You’re gonna “do” a bunch of practice questions and then you’ll be prepared for the GMAT. Right?
Sure, it’s a good idea to “do” GMAT questions, but I would say 95% of people don’t have the right MINDSET when it comes to “doing” questions.
Obviously, I should have some reason for making a claim like that. I mean, who the heck am I to say that most people don’t “do” questions the right way? That implies that I “do” questions the right way.
Well, let me answer that for you.
First, let me say that I am NOT naturally “smart.” Unlike some people who naturally “get it”–I usually have to work at it.
Second, even though I’m not naturally smart, I’ve developed a mental strategy that helps me get to where I need to be.
You see, I used to be a nationally ranked cellist and pianist (I admit I was overshadowed by my arch-nemesis, Yo-Yo Ma–pictured here at the Nobel Peace Prize ceremony–so I never quite made it on the international scene..haha ).
Going through the painstaking process of learning and memorizing hours of musical literature and performing them under pressure taught me a few things that are surprisingly relevant to GMAT studying.
Think about it. “Doing” GMAT questions is like “practicing” new music. At first it’s completely new to you. But you have to process the new material in your head until you totally understand it. You can explain it. You can recite it. You understand it.
So how do you get from A to B?
So how do you get from “this is completely new to me” to “I know this” ????
Well, in learning new music you don’t memorize the whole thing at first glance! You first take a small chunk, like the one below:
OK, now that you’ve got questions #1 and #2 correct separately, let’s see if you can go through both of them all the way through without stopping or hesitating.
You want to make sure you can think through both questions confidently without any hiccups.
Sometimes, being exposed to #2, will alter how you might do #1. So you want to test yourself to see if you can go through both #1 and #2 without hesitation–AS IF it were a performance–AS IF it were the real GMAT.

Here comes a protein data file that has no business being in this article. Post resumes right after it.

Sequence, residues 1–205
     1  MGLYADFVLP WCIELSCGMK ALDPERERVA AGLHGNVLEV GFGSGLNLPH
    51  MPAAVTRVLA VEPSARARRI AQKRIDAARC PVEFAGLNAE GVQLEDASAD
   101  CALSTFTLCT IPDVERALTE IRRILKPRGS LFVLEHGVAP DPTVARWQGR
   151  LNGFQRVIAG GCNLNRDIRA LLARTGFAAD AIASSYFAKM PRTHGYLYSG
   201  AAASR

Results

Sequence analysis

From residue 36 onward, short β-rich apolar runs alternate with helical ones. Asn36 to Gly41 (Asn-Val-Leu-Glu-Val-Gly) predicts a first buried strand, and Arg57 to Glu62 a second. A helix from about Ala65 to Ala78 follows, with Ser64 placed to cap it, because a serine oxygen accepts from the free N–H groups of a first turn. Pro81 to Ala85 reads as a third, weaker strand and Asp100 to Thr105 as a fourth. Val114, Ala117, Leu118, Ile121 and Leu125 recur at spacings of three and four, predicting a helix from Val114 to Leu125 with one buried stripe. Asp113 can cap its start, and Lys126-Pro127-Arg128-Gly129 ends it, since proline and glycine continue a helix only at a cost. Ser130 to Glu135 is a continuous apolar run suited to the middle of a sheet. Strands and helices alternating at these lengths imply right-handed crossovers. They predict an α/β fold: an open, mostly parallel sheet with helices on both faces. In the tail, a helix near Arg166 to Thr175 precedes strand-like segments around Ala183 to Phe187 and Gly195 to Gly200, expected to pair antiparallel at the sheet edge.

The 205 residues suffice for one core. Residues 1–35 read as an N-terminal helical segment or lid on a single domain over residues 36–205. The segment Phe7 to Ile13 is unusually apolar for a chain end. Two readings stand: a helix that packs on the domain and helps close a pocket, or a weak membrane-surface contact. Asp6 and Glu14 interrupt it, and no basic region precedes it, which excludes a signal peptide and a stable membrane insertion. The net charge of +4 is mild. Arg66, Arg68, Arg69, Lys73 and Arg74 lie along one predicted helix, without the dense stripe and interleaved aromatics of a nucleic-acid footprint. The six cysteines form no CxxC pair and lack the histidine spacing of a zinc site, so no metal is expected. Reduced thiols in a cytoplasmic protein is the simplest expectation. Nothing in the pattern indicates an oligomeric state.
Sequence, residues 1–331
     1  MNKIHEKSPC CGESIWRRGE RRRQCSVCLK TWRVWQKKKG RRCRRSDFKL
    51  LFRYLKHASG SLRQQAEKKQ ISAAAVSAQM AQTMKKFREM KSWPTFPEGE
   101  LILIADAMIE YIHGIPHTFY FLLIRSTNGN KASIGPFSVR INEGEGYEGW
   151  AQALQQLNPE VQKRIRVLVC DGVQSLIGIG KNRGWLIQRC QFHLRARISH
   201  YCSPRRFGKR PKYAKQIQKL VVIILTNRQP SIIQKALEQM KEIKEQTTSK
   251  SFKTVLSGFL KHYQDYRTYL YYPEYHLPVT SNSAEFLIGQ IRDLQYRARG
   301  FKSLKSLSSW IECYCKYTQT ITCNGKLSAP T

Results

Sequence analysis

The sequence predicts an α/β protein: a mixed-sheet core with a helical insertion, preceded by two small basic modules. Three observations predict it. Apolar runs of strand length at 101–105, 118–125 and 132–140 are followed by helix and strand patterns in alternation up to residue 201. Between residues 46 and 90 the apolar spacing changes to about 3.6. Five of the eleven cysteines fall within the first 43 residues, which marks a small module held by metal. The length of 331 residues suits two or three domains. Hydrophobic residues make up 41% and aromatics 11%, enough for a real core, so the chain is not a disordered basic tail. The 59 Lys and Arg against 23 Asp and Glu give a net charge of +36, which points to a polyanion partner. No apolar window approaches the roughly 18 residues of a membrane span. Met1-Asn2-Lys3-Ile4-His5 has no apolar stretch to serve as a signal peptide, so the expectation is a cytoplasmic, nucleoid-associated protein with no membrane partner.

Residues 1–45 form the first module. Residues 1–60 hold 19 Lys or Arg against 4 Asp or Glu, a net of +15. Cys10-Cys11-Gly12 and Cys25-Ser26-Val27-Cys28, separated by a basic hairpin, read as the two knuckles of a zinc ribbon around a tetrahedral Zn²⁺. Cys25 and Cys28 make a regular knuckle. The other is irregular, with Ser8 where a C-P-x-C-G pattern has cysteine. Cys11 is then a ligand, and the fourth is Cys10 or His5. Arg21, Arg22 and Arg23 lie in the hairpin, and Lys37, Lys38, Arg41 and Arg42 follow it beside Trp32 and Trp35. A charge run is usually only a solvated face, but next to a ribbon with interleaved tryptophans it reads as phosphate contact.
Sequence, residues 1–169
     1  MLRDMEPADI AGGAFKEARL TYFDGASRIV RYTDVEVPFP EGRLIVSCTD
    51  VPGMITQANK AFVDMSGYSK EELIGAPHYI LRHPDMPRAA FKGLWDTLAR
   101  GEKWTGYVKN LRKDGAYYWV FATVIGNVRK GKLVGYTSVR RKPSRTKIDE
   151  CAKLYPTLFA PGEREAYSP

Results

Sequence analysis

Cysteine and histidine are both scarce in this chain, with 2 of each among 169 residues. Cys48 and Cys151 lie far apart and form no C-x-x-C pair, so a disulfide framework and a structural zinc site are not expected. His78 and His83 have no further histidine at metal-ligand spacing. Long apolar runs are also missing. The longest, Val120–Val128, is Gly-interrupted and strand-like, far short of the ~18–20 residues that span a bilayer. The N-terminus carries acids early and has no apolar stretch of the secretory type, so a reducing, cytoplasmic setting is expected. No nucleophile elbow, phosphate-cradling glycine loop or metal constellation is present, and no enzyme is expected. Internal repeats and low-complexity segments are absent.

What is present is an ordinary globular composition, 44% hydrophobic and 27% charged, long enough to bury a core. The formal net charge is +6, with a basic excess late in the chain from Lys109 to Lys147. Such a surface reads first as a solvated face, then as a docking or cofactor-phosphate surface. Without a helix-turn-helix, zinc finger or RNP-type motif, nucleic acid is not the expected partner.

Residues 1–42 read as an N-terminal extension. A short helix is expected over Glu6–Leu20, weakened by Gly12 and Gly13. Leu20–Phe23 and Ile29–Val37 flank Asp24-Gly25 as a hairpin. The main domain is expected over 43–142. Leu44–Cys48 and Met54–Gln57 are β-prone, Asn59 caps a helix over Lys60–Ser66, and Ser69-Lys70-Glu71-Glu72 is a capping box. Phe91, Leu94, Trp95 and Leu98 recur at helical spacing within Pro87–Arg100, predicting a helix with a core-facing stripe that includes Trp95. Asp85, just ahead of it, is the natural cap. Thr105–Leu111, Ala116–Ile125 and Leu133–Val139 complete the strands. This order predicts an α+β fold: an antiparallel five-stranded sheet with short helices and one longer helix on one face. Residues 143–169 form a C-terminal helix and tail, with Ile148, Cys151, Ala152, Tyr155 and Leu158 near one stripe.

The same is true for “doing” GMAT questions.
First you go through a question. Check the answer. What the heck did you do wrong? How could you have answered that question correctly. Did you do a stupid mistake? Did you not see a comma or an obvious sentence structure that you should have seen? Read the explanation.
OK, move on to the next question. Do the same thing. Look at the explanation. Maybe you got it right, maybe there was a quicker, more efficient way of arriving at the correct answer. Why did you miss that more efficient way? How could you have thought about it better so you would arrive at the correct answer faster?
Keep doing this until by the end of the day you do maybe like 30 questions. Now by the time you do 30 questions, you probably forgot what the questions or answers were for question #1.
So start all over. See if you can plow through questions #1 – #30 without stopping and getting ALL of them right. After all, you SAW the answer explanations. So if you really “understood” the answer explanations, then you should have no problem going through the questions.
This is the approach you should be using when you “do” GMAT questions. Once you redo all 30 questions straight through. Now do another 30 questions. Then combine all 60 questions and see if you can run through all of them straight through without mistakes.
If you subdivide, think through groups of questions, and then REDO all those questions in different orders AS IF you were sitting for the real exam and you are aware of time pressure, I guarantee your studying will be that much more effective than what you are currently doing now.